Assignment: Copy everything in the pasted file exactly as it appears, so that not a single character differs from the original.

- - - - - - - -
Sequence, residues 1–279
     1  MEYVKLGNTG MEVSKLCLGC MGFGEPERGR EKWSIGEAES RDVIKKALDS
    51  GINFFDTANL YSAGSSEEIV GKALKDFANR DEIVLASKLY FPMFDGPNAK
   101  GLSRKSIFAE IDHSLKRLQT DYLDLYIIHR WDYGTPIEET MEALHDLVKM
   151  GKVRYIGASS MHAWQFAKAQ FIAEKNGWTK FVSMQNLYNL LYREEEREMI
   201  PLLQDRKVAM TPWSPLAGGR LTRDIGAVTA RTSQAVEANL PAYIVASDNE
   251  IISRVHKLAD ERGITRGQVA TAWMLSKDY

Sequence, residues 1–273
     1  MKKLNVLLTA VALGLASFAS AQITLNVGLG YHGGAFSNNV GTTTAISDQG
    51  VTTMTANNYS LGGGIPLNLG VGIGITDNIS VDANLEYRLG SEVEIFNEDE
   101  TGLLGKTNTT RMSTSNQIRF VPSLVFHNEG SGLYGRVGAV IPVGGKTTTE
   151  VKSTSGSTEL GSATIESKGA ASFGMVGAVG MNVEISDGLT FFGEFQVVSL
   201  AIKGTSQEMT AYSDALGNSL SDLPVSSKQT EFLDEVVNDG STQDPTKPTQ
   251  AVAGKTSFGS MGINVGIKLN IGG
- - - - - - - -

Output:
Sequence, residues 1–279
     1  MEYVKLGNTG MEVSKLCLGC MGFGEPERGR EKWSIGEAES RDVIKKALDS
    51  GINFFDTANL YSAGSSEEIV GKALKDFANR DEIVLASKLY FPMFDGPNAK
   101  GLSRKSIFAE IDHSLKRLQT DYLDLYIIHR WDYGTPIEET MEALHDLVKM
   151  GKVRYIGASS MHAWQFAKAQ FIAEKNGWTK FVSMQNLYNL LYREEEREMI
   201  PLLQDRKVAM TPWSPLAGGR LTRDIGAVTA RTSQAVEANL PAYIVASDNE
   251  IISRVHKLAD ERGITRGQVA TAWMLSKDY

Sequence, residues 1–273
     1  MKKLNVLLTA VALGLASFAS AQITLNVGLG YHGGAFSNNV GTTTAISDQG
    51  VTTMTANNYS LGGGIPLNLG VGIGITDNIS VDANLEYRLG SEVEIFNEDE
   101  TGLLGKTNTT RMSTSNQIRF VPSLVFHNEG SGLYGRVGAV IPVGGKTTTE
   151  VKSTSGSTEL GSATIESKGA ASFGMVGAVG MNVEISDGLT FFGEFQVVSL
   201  AIKGTSQEMT AYSDALGNSL SDLPVSSKQT EFLDEVVNDG STQDPTKPTQ
   251  AVAGKTSFGS MGINVGIKLN IGG